grace and remember he sang amazing grace spontaneously but he's saying the beloved hymn those words written by a man and we know the story written by a slaveholder who repented whose ideology probably initially did not differ much if he was a slave trader. and reinforces the family offers forgiveness free and benevolent favor of god if we confine the grace anything is possible if we can tap that grace everything can change then
he saying amazing grace. then he talked about the charleston nine finding grace one and now they have passed that on to us may be find ourselves worthy of the extraordinary gift as long as our lives and to hour. may grace the them home in may god continue to shed his grace on united states of america. pdf to talk about now in charleston that is importantg in today we could use some grace with our national dialogue for sure. we have never quoted from not president's eulogy i would beg to talk about
where we are today with what's going on in but the church and the families were nominated for the nobel peace prize. they did not get it the president of columbia got it but that is a significant event and we write about how that happened. why is forgiveness missing from our lives? the federal hate crime trial is starting the day before the election? or the day after. there are 33 counts against him the families are character witnesses starting in november. >> certainly one of the things felt the church is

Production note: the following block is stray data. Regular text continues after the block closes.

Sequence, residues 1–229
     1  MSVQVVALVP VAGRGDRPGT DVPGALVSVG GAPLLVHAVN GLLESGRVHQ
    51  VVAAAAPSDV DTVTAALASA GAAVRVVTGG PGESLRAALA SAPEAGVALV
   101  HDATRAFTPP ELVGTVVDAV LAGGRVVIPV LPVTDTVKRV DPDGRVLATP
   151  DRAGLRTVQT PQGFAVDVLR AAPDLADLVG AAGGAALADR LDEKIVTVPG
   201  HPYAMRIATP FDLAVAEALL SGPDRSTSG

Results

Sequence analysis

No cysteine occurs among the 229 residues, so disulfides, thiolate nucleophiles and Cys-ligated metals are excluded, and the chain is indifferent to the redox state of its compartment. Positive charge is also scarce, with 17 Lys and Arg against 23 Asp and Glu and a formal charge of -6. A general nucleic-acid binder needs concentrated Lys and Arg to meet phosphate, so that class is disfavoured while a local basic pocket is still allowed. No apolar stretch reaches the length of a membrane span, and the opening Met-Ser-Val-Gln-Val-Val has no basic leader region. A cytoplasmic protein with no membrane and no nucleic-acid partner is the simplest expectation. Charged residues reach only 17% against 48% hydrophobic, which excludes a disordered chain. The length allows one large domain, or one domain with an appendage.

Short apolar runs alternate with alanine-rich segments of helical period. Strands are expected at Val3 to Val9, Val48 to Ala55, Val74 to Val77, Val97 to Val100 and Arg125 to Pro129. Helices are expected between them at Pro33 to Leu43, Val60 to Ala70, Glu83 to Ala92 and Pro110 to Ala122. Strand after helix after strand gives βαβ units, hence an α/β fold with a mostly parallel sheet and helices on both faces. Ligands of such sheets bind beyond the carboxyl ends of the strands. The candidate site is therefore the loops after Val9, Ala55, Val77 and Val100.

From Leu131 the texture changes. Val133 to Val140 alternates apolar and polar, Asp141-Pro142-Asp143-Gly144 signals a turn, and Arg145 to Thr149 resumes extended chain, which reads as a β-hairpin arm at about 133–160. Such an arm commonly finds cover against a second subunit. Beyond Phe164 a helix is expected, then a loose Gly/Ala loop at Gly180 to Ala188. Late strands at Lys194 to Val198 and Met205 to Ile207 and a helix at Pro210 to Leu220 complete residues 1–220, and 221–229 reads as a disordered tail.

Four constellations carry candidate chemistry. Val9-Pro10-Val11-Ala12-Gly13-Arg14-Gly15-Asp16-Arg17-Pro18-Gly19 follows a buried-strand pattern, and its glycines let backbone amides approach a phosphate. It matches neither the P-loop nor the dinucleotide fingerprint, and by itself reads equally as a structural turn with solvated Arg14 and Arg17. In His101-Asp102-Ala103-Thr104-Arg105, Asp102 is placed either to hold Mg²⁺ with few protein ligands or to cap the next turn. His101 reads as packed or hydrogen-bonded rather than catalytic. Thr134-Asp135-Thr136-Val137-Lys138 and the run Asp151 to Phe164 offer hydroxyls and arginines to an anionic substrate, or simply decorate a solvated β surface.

involved in that has affected family members for his social activism one of the most important organization sat has grown out of this tragedy of mother emmanuel is an organization that is designed to make sure that guns do not fall into the hands of those who should not possess them by promoting reform of guy and access laws to insure background checks are universal and to prevent a tragic situation that allows the murder in charleston to gain access to blood was not entitled to obtain a weapon
but the the default composition is of the background check was not finished within three days than the applicant is entitled to purchase of weapon. >> they call that the charleston loophole. that is unfortunate but nevertheless that is the situation.up of we have a group of people who have grown and of thean commit -- community who are working together to promote better relations between the police department because we have added so many tragic and unfortunate shootings in the last couple of years mrs. known as project elimination with the aftermath of days shooting
that occurred in north charleston april just a few months before what happened at other manual. has -- mother e manual and then to promote social justice that is the portfolio not just the church alone but that is part of of brief of the church spirited started scholarship funds the percentage of the proceeds from our book go to the scholarship fund and a literacy foundation as a beloved library and to get books into the hands of those who would not otherwise have them but the families are trying to do things to do better